Mexico is served by a mixed health care system, with private hospitals and specialized service providers available to those who can afford it, and a nationwide network of public hospitals and clinics for everyone else. The largest piece of this network is the Mexican Social Security Institute, known as the IMSS. Founded in 1943, the IMSS has grown into a colossal operation, operating some 1,500 clinics, 230 hospitals and 25 medical specialty centers. The agency employs over 370,000 and provides health coverage for over 52 million beneficiaries, according to the National Statistics Institute (INEGI). The IMSS is consistently the target of criticism for a range of deficiencies and in recent years has struggled with rapidly encroaching insolvency. Nonetheless, for millions of Mexicans, and particularly the poor, it remains a lifeline for health care. Read the rest of this entry »
We confess we’re feeling rather sheepish writing a blog post about food, since Mexico Business Blog is supposed to focus on business and trade. But we’ve read so many wonderful posts on Mexican food this past month, what with the fiestas patrias and all, from noted food bloggers like Cristina Potters, Nicholas Gilman, Maura Hernandez, Brad A. Johnson and others, that it reminded us of a long-held source of puzzlement: Why are some of our most bestest favoritest Mexican dishes so rarely – or never – seen or heard about in wider discussions of Mexican cuisine?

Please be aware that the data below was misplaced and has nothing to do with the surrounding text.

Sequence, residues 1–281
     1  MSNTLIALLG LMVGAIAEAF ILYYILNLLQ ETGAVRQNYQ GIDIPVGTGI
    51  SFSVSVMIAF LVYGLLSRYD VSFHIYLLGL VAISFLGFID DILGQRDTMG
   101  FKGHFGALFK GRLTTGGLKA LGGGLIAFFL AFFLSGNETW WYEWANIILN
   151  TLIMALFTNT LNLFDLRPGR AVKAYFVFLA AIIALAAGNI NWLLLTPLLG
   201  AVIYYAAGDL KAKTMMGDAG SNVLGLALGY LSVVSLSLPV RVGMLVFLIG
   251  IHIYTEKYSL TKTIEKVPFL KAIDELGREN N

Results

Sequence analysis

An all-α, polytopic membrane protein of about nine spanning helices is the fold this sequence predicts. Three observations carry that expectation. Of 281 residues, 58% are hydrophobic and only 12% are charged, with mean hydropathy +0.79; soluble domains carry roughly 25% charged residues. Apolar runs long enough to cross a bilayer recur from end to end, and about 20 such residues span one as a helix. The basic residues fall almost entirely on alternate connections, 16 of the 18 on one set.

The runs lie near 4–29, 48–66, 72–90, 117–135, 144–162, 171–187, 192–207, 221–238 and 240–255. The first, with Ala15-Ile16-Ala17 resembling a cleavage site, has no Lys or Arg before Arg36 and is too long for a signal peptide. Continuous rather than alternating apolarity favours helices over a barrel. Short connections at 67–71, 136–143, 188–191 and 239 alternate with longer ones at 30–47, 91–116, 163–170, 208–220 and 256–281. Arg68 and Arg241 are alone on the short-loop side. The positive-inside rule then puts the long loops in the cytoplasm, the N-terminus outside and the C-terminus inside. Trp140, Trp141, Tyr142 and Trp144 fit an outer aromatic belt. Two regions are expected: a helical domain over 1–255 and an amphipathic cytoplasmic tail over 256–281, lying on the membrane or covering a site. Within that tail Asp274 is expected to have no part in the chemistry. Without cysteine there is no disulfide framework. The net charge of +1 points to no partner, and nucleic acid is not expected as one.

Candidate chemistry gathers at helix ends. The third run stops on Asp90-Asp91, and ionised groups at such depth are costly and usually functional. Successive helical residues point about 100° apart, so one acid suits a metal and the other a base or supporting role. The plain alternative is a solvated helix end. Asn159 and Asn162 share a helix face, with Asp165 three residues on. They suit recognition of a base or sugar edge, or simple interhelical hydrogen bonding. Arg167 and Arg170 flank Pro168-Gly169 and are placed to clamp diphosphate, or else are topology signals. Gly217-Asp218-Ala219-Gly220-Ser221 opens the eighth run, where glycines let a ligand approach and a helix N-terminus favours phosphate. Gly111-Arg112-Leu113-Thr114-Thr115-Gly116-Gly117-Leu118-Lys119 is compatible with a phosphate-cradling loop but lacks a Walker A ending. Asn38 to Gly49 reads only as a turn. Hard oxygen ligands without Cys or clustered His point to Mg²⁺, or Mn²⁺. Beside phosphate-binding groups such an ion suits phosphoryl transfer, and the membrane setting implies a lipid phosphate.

It may be that we hold these dishes so dear for the memories associated with them. Perhaps if you fell in love while on Spring Break in Cancun, you think Corona is the world’s greatest beer. OK, bad example. But we insist – these Mexican delicacies are fabulous, they are deeply ingrained in our fondest memories of Mexico, and why the heck do we never hear about them?
1) Espinazo en salsa verde. Back when we were penurious youths (before becoming adults of the same description), shuffling around the streets of La Roma, La Juárez and La Doctores here in Mexico City, espinazo en salsa verde was an absolute staple at the greasy spoons and markets that were the closest thing to a restaurant we could afford. We recall it as a sort of spicy green broth chock-a-block with chunks of stewed pork spine and weedy leaves called verdolagas. OK, it’s way better than it sounds, and I’m heading over to El 96 on the corner of Valladolid and Colima right now to order some. Read the rest of this entry »